To the best of our knowledge, this is the first report of retinal cells expressing multiple progenitor cell markers derived from the retinal tissue of living human donors. These cells spontaneously migrated from equatorial/periequatorial retinal tissue fragments harvested during vitrectomy surgery for the primary repair of retinal detachment. Although previous reports suggest that the Müller cells may transform into progenitor cells after explantation in cadaveric studies (taken from a similar topographical location as our explants),10 such cell lines were produced with the aid of exogenous growth factors10,11; this is in contrast to our findings, where we clearly demonstrate the migration of progenitor cells without the application of such factors. As noted above, migrating cells express embryonic cell markers including Pax6, Sox-2, CRX, nestin, and p27kip1 and co-express proteins consistent with differentiation down the Müller cell lineage, including GFAP and GS. Indeed, their immunohistochemistry-staining pattern is broadly similar to that of our positive controls: the Moorfields/Institute of Ophthalmology cell line, which has been studied extensively.10,11 We stress that this report serves as an initial description, and we propose that the cells migrating from surgical retinal explants that we have identified merit further characterization.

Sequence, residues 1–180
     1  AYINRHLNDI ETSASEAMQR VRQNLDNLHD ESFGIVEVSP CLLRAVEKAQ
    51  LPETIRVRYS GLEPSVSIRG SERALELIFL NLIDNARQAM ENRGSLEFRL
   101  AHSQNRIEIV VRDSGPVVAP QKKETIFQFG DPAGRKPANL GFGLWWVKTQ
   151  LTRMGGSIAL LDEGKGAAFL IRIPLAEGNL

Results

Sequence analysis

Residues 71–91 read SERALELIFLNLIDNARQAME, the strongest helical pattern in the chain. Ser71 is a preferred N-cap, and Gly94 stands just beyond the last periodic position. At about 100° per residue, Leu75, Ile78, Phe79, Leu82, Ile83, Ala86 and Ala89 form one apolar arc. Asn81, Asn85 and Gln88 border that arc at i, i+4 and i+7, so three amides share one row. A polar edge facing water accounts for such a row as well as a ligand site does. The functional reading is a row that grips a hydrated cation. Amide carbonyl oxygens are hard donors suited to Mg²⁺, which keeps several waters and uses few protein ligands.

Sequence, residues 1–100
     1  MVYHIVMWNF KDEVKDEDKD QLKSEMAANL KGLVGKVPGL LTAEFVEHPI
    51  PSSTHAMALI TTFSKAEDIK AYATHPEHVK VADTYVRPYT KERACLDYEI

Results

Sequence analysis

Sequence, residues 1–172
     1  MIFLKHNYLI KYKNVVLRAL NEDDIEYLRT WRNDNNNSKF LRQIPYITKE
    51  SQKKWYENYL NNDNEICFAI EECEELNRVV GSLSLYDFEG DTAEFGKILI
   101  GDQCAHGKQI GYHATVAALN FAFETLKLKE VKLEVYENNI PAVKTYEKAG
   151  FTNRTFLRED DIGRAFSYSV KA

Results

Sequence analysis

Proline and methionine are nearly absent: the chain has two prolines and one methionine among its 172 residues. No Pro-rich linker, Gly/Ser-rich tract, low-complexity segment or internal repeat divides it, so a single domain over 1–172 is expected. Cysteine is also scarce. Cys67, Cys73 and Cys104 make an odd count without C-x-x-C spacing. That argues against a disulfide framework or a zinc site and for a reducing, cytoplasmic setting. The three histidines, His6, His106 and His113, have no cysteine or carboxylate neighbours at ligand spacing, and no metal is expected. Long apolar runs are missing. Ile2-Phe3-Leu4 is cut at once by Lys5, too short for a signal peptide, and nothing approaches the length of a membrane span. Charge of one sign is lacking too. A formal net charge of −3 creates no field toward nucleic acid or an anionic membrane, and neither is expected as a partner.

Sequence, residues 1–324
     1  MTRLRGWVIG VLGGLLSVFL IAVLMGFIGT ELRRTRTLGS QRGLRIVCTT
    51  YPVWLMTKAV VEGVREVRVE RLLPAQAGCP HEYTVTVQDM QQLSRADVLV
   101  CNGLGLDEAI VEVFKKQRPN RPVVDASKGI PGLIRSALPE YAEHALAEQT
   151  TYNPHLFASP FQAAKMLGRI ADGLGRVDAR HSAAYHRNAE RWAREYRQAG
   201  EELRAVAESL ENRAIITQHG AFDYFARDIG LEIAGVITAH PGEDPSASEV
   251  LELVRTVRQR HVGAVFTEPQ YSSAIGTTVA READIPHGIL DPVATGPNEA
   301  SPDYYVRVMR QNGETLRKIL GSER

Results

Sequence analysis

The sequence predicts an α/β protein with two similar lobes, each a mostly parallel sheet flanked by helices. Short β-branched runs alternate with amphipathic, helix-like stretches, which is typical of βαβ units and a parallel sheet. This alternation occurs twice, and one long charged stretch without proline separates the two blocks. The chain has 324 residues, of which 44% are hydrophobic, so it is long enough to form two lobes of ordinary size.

How can we account for the discrepancy between our findings (i.e., spontaneous production of migrating cells expressing progenitor markers) and those of human cadaveric studies (where growth factors seem to be required)? We hypothesize that our observations represent a tissue response to injury in the living human retina. For example, it is suggested that Müller cell proliferation is a stereotypical response to multiple models of retinal injury.3,7,8 The initiating event of rhegmatogenous retinal detachment in our patients seems to have been the traumatic event required to initiate this cellular response; alternatively—although perhaps less likely—sectioning of the retina during trimming of the flap tear may have been an inciting or exacerbating event. The migrating cells that we describe are presumed to represent in vitro some of the pathological mechanisms underlying the early tissue response to trauma/rhegmatogenous detachment. Although such mechanisms can lead to regeneration in certain animals, such as zebrafish,3,8 in man they lead to repair processes such as proliferative vitreoretinopathy. Moreover, autologous transplantation of retinal explants collected from peripheral retina has recently been shown to be effective in treating recalcitrant macular hole.21–23 One possible mechanism of closure after such transplantation is hypothesized to be through the production and integration of progenitor cells from explants.21